UPS to Pay $2M to Resolve EEOC Disability Discrimination Claims
Author: U.S. Equal Employment Opportunity Commission (EEOC)(i) : Contact: eeoc.gov
Published: 2017-08-09 : (Rev. 2020-03-24)
United Parcel Service, Inc. (UPS) agrees to pay $2 million to nearly 90 current and former UPS employees to resolve nationwide disability discrimination lawsuit filed in 2009 by EEOC.
- ADA requires companies to make real effort to work with employees with disabilities to provide them with necessary and reasonable accommodations to enable them to do their jobs.
- According to company information, Atlanta-based UPS has over 434,000 employees and had revenues of $61 billion in 2016.
Shipping Giant's Rigid Leave Policies Forced Out Employees Who Needed Accommodations, Federal Agency Charged...
International shipping giant United Parcel Service, Inc. (UPS) has agreed to pay $2 million to nearly 90 current and former UPS employees to resolve a nationwide disability discrimination lawsuit filed in 2009 by the U.S. Equal Employment Opportunity Commission (EEOC) as well as to conciliate related administrative charges, the agency announced.
The EEOC charged that UPS violated federal law failing to provide UPS employees with disabilities reasonable accommodations that would enable them to perform their job duties.
The EEOC further alleged that UPS maintained an inflexible leave policy, whereby the company fired disabled employees automatically when they reached 12 months of leave, without engaging in the interactive process required by law.
Such alleged conduct violates Americans with Disabilities Act (ADA).
The EEOC filed suit in U.S. District Court for the Northern District of Illinois (Case No. 09-cv-5291) after first attempting to reach a pre-litigation settlement through its conciliation process.
In addition to providing $2 million in monetary relief, UPS has also agreed to update its policies on reasonable accommodation, improve its implementation of those policies, and conduct training for those who administer the company's disability accommodation processes.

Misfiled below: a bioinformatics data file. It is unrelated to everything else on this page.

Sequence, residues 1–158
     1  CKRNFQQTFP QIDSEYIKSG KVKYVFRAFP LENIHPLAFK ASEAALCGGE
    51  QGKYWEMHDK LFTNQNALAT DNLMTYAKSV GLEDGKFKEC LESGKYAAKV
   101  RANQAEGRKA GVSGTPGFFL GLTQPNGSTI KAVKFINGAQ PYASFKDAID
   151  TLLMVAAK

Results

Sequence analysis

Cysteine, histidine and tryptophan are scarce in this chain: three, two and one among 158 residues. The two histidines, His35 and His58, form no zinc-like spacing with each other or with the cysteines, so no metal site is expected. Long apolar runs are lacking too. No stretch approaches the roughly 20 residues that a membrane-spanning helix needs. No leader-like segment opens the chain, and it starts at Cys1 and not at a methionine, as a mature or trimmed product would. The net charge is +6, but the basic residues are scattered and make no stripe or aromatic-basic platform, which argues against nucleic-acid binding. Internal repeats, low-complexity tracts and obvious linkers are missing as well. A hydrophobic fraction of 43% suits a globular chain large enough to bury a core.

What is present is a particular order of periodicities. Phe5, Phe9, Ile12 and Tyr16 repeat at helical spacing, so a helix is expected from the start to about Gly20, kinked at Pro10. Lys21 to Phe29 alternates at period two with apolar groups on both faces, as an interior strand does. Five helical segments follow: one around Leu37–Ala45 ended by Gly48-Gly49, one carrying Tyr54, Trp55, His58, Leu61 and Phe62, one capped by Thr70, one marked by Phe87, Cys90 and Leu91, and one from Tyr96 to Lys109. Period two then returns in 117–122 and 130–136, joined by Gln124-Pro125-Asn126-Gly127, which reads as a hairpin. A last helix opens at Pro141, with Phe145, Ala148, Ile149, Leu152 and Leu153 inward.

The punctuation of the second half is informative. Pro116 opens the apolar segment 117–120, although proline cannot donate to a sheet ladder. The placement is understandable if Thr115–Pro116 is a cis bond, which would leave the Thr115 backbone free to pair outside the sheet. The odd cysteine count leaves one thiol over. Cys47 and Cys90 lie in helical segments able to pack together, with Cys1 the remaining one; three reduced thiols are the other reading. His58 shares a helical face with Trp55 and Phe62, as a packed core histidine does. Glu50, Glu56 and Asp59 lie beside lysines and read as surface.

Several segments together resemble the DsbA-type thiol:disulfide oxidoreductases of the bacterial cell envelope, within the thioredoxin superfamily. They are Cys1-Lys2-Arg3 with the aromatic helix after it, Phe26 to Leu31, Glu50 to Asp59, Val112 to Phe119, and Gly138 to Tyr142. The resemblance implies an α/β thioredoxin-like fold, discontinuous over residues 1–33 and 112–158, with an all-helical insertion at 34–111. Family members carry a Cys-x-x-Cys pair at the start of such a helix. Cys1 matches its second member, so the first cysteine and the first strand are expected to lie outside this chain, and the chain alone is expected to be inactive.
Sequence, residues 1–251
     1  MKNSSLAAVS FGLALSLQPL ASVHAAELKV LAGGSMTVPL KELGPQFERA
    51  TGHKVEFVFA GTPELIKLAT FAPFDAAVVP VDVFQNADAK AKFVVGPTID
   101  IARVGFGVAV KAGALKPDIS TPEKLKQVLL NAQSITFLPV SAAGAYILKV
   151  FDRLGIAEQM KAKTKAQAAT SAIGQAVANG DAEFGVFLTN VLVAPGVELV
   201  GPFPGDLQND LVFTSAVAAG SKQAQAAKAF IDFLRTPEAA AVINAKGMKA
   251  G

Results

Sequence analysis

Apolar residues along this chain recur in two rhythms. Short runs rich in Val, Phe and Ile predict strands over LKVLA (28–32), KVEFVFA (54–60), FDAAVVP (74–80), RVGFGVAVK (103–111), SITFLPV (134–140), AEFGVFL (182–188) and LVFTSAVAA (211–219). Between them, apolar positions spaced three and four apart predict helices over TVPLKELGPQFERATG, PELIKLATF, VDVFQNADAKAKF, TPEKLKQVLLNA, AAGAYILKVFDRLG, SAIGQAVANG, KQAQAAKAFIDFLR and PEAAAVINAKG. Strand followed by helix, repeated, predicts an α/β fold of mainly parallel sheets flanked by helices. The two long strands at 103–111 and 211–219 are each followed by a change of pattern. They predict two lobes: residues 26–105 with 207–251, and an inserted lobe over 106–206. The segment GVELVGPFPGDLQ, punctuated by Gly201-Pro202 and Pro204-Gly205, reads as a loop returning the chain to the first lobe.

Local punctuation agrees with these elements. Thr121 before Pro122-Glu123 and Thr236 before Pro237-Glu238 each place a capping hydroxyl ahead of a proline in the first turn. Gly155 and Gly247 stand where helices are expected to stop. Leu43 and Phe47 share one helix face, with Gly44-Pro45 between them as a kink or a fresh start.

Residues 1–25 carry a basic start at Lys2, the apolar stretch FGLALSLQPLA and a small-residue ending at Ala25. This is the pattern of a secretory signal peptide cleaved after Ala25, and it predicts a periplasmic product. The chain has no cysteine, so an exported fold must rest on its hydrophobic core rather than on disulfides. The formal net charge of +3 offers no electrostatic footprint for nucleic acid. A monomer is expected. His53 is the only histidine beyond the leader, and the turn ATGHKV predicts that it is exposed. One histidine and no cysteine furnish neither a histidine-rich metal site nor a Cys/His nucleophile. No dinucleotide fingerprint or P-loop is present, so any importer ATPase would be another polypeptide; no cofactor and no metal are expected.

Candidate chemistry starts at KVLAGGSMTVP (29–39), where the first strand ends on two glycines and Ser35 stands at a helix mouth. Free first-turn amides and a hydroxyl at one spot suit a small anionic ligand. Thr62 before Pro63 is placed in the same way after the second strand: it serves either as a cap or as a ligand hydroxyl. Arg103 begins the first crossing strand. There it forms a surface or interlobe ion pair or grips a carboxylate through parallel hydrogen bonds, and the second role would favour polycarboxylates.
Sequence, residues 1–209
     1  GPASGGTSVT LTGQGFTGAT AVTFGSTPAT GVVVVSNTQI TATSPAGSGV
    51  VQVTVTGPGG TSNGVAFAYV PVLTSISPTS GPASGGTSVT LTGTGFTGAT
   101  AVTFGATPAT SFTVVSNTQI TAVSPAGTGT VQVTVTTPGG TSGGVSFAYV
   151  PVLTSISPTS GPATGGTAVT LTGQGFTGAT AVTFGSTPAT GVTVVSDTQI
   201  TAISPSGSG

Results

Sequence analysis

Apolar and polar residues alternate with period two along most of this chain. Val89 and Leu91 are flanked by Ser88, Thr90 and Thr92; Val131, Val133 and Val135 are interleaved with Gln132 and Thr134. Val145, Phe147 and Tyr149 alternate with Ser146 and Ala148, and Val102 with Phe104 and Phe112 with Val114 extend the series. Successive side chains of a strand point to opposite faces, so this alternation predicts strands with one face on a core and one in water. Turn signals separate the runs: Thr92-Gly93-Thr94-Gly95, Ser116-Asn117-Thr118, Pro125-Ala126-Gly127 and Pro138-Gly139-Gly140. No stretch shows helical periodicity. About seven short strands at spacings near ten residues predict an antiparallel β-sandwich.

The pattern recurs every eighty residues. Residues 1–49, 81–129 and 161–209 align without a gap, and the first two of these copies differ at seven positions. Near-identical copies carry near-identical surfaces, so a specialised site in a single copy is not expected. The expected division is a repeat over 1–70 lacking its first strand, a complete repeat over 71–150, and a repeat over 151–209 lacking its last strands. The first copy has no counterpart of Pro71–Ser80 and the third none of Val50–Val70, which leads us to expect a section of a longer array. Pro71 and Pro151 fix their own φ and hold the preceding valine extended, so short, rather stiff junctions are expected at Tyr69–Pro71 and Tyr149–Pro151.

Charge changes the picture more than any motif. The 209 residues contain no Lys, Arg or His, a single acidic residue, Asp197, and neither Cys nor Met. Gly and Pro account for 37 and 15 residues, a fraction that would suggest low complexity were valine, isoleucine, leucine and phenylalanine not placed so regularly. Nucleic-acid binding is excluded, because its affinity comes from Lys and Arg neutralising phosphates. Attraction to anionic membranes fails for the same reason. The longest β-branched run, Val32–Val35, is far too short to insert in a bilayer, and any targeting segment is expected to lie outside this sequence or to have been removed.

Furthermore, the company has agreed to provide the EEOC periodic reports on the status of every accommodation request for the next three years to ensure the efficacy of its procedures.
"The ADA requires companies to make a real effort to work individually with their employees with disabilities to provide them with the necessary and reasonable accommodations that will allow them to do their jobs," said Greg Gochanour, regional attorney of the EEOC's Chicago District Office. "As a result of this lawsuit, UPS now has practices in place to better ensure that this happens."
Julianne Bowman, the EEOC's Chicago District director, added, "Having a multiple-month leave policy alone does not guarantee compliance with the ADA. Such a policy must also include the flexibility to work with employees with disabilities who may simply require a reasonable accommodation to return to work. UPS has now made changes which will allow more people to keep their jobs."
According to company information, Atlanta-based UPS has over 434,000 employees and had revenues of $61 billion in 2016.
The EEOC's Chicago District Office is responsible for processing charges of employment discrimination, administrative enforcement, and the conduct of agency litigation in Illinois, Wisconsin, Minnesota, Iowa and North and South Dakota, with Area Offices in Milwaukee and Minneapolis.
The EEOC advances opportunity in the workplace by enforcing federal laws prohibiting employment discrimination. More information is available at www.eeoc.gov
(i)Source/Reference: U.S. Equal Employment Opportunity Commission (EEOC). Disabled World makes no warranties or representations in connection therewith. Content may have been edited for style, clarity or length.
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